When Aaron Driver was released on a peace bond back in June 2015, a mere 11 days after the RCMP said they found recipes to make homemade bombs on his computer, he had 25 bail conditions attached to his name. They included wearing an electronic monitoring bracelet, and taking part in "religious counselling." The idea behind those two specific peace bond conditions was that while Driver posed no "imminent threat" to national security, he was a radicalized individual whom authorities needed to keep constant tabs on.
A year later he was dead, killed in a hail of police gunfire while setting off an explosive device.
According to the RCMP, Driver was planning an attack at an "urban centre during rush hour." The FBI had alerted Canadian authorities earlier on Wednesday about an "unknown individual that was clearly in the final stages of planning an attack using a homemade explosive device." A deadly encounter ensued in the tiny town of Strathroy, Ontario, as police confronted the 24-year-old while he was in the back of a cab. He set off a bomb while in the back seat, causing police to open fire. It's not known if the explosion or the gunfire killed him.
In theory, it should not have come to this. Peace bonds, are essentially restraining orders that are issued when authorities do not have actual evidence of a crime against an individual, but have sufficient evidence that the said individual might commit a crime. Conditions are imposed on the individual to deter him/her from committing a crime. If those conditions are violated, incarceration serves as the next form of punishment.
In Driver's case however, nothing seemed to be a deterrent. In fact, some argue that the peace bond conditions might have been what pushed him further over the edge.
"The deterrent effect didn't work for Driver; in fact it may have been the various prohibitive conditions of the peace bond that drove him to move from ideological support for terrorism to action," says Wesley Wark, a leading Canadian expert on issues related to intelligence, national security and terrorism.
However, Driver's peace bond conditions were actually relatively relaxed.
Just over a year before Driver was killed, his lawyer Leonard Tailleur challenged his bail conditions, arguing that they violated his charter rights. Tailluer's claim was echoed by various civil liberties groups, including the Manitoba Association for Rights and Liberties. At that point in time, MARL argued that there were "serious human rights and civil liberties issues to be considered" in Driver's situation.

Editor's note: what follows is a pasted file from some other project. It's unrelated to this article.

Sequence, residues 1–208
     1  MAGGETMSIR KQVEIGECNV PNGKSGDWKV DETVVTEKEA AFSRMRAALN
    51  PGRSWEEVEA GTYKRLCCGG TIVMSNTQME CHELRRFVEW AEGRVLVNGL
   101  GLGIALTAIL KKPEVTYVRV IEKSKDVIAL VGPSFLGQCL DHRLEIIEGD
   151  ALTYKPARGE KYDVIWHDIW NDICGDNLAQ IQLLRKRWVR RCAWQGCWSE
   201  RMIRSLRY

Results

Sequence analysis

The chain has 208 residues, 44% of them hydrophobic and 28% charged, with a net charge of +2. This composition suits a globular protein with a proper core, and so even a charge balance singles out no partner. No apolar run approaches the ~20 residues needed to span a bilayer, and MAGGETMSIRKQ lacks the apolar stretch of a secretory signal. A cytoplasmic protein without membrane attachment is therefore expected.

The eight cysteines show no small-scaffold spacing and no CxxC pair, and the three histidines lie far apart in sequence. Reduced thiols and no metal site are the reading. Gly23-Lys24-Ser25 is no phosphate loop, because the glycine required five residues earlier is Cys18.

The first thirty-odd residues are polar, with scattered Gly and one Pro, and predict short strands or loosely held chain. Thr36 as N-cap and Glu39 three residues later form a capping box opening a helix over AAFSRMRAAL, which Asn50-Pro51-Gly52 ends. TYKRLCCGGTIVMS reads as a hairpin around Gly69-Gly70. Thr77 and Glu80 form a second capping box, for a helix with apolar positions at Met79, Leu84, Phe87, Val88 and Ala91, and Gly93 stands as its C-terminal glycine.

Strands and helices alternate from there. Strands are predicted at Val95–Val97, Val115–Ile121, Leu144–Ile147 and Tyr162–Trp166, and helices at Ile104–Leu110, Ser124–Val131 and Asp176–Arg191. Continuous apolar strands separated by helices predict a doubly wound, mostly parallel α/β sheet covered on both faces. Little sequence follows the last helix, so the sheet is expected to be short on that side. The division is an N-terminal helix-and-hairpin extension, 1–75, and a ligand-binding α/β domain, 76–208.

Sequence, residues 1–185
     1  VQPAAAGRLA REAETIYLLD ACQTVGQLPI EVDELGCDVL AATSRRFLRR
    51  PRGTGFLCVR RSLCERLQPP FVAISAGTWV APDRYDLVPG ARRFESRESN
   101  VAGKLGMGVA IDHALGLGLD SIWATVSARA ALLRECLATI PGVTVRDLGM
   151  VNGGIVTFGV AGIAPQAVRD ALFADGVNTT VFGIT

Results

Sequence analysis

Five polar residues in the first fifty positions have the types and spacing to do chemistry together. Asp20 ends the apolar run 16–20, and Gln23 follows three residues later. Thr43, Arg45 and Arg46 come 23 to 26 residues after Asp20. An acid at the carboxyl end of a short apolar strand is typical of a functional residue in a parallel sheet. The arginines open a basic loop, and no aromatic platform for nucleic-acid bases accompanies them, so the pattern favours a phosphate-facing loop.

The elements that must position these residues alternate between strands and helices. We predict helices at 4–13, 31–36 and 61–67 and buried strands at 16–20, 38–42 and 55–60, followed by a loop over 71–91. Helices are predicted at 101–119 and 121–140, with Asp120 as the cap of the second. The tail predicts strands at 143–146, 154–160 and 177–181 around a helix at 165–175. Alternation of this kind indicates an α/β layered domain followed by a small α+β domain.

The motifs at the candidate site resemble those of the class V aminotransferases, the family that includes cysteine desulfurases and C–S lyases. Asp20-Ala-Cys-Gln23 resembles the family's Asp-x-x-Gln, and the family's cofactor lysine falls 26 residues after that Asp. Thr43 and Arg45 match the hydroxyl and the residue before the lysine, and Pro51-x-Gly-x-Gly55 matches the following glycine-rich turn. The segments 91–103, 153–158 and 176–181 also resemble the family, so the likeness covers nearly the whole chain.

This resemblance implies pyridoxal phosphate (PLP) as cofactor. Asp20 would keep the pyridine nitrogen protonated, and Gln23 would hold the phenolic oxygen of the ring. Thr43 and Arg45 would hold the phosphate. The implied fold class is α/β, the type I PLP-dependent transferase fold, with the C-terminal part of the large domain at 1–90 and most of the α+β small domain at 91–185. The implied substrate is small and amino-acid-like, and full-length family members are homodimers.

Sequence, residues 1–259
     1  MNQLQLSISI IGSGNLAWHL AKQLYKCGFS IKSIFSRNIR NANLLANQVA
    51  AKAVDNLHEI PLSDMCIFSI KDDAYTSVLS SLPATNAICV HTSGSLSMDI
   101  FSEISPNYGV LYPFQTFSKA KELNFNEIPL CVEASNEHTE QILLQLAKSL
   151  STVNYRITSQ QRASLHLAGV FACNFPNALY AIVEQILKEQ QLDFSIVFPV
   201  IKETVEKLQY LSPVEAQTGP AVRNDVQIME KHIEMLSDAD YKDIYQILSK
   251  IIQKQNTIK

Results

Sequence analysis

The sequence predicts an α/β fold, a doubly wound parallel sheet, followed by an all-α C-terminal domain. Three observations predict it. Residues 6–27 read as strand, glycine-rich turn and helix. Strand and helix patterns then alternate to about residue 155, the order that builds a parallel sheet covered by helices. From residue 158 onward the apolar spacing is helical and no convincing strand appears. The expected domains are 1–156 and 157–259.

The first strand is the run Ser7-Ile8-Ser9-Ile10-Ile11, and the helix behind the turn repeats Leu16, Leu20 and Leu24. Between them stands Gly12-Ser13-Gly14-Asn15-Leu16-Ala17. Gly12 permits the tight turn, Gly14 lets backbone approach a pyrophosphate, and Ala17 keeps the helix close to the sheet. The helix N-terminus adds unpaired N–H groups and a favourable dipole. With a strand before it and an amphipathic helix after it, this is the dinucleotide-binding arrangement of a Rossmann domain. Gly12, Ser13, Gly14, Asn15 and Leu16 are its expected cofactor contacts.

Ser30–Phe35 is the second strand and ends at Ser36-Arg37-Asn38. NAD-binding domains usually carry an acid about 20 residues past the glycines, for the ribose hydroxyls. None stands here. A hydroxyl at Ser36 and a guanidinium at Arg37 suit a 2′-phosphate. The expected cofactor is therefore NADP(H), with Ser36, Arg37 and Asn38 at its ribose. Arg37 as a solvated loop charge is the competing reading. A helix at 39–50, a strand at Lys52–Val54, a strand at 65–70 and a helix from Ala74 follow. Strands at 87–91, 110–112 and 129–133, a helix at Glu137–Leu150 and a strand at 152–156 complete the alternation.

Tailleur's challenge was successful. Driver was no longer required to attend religious counselling or be subject to a curfew. Six months later, in February 2016, another victory: Driver no longer had to wear an electronic monitoring bracelet, but was prohibited from using his computer and cellphone.
"I don't think we know whether the peace bond conditions were strict enough—but on hindsight they probably weren't," says Craig Forcese, a professor of Canadian and comparative national security law at the University of Ottawa, and co-author of "False security: The Radicalization of Canadian anti-terrorism."
"There are so many unanswered questions here. If he had worn an electronic bracelet, would his efforts to acquire material to make a bomb have been detected? Why wasn't he more closely monitored? Why was the RCMP's intervention at the eleventh hour?"
Michelle Falk, Executive Director at MARL admits that hindsight is 20-20. "Every piece of evidence we had at that time pointed towards the fact that he wasn't a threat to society. But this was a unique case—Aaron Driver turned out to be a bad apple in the bunch."
The underlying issue when it comes to balancing national security and civil liberties is that every case is different—human beings are complex, and their motivations to commit violence are often not as straightforward as we would like to make them out to be. Aaron Driver had a fraught history—he struggled to operate according to the conventions of Western society, and sought solace and a sense of belonging in an extreme interpretation of Islam. A legal formula that broadly balances individual rights and the safety of Canadians might not work for everyone.
"No one really knows how to do this properly," says Forcese. "We need a bunch of different tools—some legal, some social. The art is trying to figure out how to deploy these tools in a meaningful manner, but the truth is, until we figure that out, we are going to fail."
Wark argues that this so-called "lone wolf" phenomenon is not really a thing. "Lone wolves are not lone—they express their views, especially through social media, have contacts and circles of acquaintances."
Wark believes intelligence is only one way to prevent "lone wolf" attacks—the key deterrent is community support and engagement.
"This is one of the biggest counter-terrorism lessons Canada and other countries have learned—your best eyes and ears are not the bugs and surveillance of popular imagination, but communities, families and community leaders who share a sense of the threat posed by terrorism and are willing to work with authorities."
At the end of the day, something went wrong in the case of Aaron Driver.
"For whatever reason, something changed with Aaron. He went from being a relatively harmless kid who was making radical statements, to what we would define as a political terrorist. That's a big move. There are very few people that will make that move, and there are even fewer that will be able to detect when the move might happen," says Forcese. "A peace bond will only get you so far."
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